Ordinarily, protections against double jeopardy forbid trying someone for the same crimes twice. But the crimes above have different elements from the ones Stone was convicted of, so they are not the same—and being forced to prove different facts to establish different elements of a crime is, in general, a key indication that prosecutors are not running into constitutional double-jeopardy concerns. Moreover, one can imagine that a future Justice Department investigation would uncover more facts not available previously due to the Trump administration’s attempts to cover up what happened—after all, the entire second half of Mueller’s report described the administration’s attempts to impede Mueller’s investigation.

And it appears that Stone, by dint of his alliance with Trump, never faced true jeopardy. Instead, from what Stone said on Friday, it looks more like Stone wielded his dirt on Trump as a mechanism to secure the commutation. If so, that raises the possibility that Stone’s journey through the criminal-justice process was a bit of a show, even a facade. If he had Trump’s assurances all along, he was really never in jeopardy. And, at least logically, there can be no double jeopardy without a first jeopardy—another argument prosecutors could make in court when bringing new charges.

Finally, the commutation itself may be null and void if Trump carried it out to protect himself. As Judge Amy Berman Jackson, who presided over Stone’s trial, said, Stone “was not prosecuted, as some have complained, for standing up for the president. He was prosecuted for covering up for the president.” If the commutation itself was the product of nefarious activity, a future Justice Department may well conclude that Stone shouldn’t benefit from it.

The law of double jeopardy is notoriously unclear. Had Stone been pardoned, judges might have been reluctant to allow new but related criminal charges, much as judges are more inclined to find double-jeopardy concerns when new charges are brought against someone who has been acquitted. But a commutation “condones” nothing: It eradicates nothing of the guilt found by the jury. It may be the president’s prerogative, appalling as it is, but it’s not an elimination of Stone’s guilt. There’s simply no reason for the commutation to pose an obstacle to future investigation and prosecution.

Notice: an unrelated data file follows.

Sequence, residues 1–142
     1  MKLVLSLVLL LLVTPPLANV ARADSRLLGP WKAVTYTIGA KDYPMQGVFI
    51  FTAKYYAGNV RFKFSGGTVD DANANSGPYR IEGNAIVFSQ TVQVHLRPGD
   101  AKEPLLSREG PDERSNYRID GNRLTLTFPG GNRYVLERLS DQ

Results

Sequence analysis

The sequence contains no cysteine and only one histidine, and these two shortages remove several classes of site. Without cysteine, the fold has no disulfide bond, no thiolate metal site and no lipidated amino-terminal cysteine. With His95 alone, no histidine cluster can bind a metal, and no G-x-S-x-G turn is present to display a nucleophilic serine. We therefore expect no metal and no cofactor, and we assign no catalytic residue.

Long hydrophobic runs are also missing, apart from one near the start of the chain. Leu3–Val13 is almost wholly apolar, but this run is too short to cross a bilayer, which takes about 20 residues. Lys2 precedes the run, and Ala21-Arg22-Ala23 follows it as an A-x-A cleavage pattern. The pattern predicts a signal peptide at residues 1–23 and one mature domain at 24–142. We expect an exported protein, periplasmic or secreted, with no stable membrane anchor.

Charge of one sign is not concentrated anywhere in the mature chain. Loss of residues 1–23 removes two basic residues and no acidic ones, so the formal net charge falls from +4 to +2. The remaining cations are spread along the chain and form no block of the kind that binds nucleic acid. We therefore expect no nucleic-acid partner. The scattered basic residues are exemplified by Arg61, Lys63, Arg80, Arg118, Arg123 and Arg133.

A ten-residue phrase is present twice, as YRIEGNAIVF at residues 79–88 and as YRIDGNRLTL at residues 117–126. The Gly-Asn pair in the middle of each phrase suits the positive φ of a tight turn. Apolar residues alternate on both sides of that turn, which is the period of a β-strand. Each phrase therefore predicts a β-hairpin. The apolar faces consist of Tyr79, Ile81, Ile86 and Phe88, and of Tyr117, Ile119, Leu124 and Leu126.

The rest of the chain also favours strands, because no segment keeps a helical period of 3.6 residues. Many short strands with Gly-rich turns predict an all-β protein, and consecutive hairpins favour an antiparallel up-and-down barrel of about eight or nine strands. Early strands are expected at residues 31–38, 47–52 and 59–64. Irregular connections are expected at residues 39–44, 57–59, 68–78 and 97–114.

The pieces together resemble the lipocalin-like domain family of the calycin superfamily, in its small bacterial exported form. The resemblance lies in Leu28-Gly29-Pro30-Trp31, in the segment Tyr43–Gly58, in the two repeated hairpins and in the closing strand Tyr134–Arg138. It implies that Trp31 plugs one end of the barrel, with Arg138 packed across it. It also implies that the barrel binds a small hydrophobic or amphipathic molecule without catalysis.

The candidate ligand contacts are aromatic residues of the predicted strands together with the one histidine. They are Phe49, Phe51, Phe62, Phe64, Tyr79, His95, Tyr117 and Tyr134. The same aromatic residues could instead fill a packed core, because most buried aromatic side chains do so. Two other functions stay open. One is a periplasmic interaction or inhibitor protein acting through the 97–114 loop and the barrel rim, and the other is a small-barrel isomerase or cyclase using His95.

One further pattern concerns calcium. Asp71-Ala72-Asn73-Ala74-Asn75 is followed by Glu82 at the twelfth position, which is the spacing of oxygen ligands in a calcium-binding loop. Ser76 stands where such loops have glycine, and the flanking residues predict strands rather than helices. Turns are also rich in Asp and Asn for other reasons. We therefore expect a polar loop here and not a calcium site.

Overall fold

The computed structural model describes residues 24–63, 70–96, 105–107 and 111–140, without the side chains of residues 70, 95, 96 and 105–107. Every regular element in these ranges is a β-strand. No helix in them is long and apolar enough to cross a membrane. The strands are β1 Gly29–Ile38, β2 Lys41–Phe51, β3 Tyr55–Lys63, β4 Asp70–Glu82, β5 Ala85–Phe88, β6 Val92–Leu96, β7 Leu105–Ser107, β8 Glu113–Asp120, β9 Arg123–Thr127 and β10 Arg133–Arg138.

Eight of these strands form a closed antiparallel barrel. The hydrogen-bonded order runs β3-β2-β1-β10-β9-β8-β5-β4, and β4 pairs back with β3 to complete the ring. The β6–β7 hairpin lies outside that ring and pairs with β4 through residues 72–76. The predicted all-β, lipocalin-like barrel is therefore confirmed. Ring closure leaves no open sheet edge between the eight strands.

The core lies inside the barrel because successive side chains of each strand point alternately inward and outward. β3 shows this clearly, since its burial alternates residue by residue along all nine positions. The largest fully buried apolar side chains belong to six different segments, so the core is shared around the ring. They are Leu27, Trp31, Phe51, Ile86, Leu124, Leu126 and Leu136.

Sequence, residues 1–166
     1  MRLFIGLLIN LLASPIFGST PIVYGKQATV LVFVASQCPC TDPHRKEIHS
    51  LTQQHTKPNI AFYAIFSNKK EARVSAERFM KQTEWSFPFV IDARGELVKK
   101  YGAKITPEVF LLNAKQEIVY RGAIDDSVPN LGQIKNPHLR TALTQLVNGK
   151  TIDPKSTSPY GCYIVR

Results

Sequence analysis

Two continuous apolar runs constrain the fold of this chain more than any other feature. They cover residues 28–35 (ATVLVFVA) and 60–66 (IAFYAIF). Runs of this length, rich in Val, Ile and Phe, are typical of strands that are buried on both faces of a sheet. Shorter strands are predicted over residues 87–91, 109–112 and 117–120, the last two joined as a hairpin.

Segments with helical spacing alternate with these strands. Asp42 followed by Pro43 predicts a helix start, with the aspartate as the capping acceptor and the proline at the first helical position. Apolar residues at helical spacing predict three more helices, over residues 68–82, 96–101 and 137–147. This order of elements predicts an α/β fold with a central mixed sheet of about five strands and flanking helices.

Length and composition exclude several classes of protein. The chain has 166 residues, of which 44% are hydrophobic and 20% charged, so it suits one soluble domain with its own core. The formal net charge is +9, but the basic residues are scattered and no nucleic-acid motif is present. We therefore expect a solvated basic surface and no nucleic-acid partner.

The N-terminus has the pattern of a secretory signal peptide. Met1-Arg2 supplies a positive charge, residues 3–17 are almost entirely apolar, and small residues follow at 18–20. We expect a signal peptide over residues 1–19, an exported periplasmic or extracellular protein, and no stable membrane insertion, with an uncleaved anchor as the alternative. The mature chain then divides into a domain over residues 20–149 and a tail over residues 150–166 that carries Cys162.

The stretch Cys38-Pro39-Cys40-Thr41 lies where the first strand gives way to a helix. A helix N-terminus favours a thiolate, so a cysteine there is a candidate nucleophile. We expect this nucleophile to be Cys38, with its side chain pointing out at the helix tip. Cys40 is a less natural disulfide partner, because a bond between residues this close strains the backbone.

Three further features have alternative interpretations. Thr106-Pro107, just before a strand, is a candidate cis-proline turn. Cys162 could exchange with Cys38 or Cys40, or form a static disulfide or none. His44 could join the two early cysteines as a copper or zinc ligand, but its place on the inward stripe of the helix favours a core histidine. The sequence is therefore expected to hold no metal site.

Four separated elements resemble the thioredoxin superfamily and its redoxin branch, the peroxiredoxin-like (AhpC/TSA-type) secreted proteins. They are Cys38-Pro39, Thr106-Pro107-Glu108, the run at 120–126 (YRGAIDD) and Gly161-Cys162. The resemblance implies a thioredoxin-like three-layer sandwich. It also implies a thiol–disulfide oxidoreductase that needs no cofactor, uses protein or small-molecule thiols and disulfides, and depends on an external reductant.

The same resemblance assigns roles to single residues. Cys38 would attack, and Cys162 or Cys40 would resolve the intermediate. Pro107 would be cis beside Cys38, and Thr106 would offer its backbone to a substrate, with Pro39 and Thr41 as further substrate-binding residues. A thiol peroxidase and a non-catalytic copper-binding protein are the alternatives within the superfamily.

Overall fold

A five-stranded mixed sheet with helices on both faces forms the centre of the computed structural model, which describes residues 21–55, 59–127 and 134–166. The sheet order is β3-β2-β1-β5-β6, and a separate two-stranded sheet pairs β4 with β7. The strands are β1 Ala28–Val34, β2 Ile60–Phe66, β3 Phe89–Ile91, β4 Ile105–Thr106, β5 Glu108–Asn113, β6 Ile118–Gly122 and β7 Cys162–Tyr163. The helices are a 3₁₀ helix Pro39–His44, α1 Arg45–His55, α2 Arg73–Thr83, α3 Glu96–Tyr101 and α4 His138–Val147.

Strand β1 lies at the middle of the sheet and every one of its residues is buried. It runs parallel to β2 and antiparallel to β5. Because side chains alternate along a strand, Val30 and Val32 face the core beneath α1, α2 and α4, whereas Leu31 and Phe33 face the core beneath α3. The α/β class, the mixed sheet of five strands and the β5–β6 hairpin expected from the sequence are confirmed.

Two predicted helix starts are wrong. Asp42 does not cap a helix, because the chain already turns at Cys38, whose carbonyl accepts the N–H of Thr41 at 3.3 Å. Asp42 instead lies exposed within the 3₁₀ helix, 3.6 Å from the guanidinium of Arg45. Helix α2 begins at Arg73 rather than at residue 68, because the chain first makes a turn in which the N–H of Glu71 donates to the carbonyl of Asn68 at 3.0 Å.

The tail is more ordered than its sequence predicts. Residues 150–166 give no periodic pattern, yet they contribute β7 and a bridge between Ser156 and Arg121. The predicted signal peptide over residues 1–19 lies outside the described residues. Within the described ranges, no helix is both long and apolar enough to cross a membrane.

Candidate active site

Indeed, Stone’s conviction and commutation may supercharge another avenue: state prosecutions. The same facts that led to Stone’s conviction suggest possible local charges in Washington, D.C.; New York; and Florida, as each appears to be a place where Stone committed his crimes or caused his crimes to be committed. None of this has to wait until integrity is restored to the Justice Department; those investigations can begin now.

To be sure, none of this is how prosecutors go about their business in ordinary cases, but there’s nothing ordinary here. The president has commuted the sentence of a key witness against him, apparently to reward Stone for his silence. The majesty of the law is that it is supple enough to provide a remedy for this grave action.

Like many other times when Trump has shortchanged those he cuts deals with, Trump hasn’t actually protected Stone from further prosecution. If Stone wants to earn the finality he so obviously craves, he should try the same approach used by other convicted criminals: Come clean, and tell prosecutors what they want to know about the crimes in which he was involved.